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The grass is alway greener in Boonetown
NC teacher Morrow honored for state's top football field
GEORGE MORROW HOLDS the plaque presented to him for having the states top football playing surface at last months South Carolina Sports Turf Managers Association annual meeting at Williams-Brice Stadium in Columbia. On hand to support the North Central teacher for earning the honor were, from left, Kershaw County School Board member Louis Clyburn Jr., NCHS athletic director and head football coach Louis Clyburn III and NCHS principal Worth Thomasson.

Of all the headaches, fears and concerns which come with the territory when you are a high school head football coach and athletic director, one at or near the top of the list is field maintenance.
Unlike colleges which have their own staffs to make sure their athletic fields are maintained, a high school athletic director must wear several hats when it comes to prepping their playing surfaces. Everything from weeding the field, cutting the grass and putting down the lines come under the auspices of the AD and members of his coaching staff.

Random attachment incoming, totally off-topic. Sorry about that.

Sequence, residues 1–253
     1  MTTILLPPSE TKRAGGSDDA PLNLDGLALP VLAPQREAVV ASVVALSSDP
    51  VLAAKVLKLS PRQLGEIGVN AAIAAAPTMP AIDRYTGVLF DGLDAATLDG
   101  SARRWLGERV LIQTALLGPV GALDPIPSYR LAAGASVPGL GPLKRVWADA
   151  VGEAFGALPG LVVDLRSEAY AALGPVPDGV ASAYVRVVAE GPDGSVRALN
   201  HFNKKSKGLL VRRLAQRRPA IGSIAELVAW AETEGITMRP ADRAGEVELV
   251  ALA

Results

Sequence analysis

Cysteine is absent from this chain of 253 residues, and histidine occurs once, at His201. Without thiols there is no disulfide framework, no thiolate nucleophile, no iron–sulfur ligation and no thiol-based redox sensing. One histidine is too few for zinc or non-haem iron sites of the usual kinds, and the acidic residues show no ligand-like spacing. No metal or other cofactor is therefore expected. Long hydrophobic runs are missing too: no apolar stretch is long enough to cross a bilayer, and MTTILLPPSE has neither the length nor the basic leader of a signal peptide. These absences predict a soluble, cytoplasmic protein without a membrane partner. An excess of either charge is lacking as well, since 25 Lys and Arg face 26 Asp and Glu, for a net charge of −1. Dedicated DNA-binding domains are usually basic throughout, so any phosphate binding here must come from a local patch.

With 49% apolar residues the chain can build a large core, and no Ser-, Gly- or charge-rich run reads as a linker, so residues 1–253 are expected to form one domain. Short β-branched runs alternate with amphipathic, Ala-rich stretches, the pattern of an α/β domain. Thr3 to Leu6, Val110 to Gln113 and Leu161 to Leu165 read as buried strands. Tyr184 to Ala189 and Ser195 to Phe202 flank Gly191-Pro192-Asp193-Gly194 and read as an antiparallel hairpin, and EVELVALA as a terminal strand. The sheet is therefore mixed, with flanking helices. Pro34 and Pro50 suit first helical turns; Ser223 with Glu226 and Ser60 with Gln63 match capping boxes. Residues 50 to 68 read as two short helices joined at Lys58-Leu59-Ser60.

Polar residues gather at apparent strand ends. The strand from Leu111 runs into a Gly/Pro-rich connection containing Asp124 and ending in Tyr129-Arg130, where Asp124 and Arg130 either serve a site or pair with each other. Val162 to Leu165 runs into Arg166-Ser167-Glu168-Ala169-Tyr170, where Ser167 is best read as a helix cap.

At North Central High School, much of that burden has been eased, thanks to the effort of the school’s vocational agriculture mechanical and technical program headed by George Morrow. That curriculum also includes a class called “Morrow’s Turf 1.”
The work of Morrow and his students was recognized last month when North Central was the recipient of the High School Football Field of the Year Award which was presented by the South Carolina Sports Turf Managers Association. The ceremony was held at Williams-Brice Stadium in Columbia as part of the SCSTMA’s annual business meeting.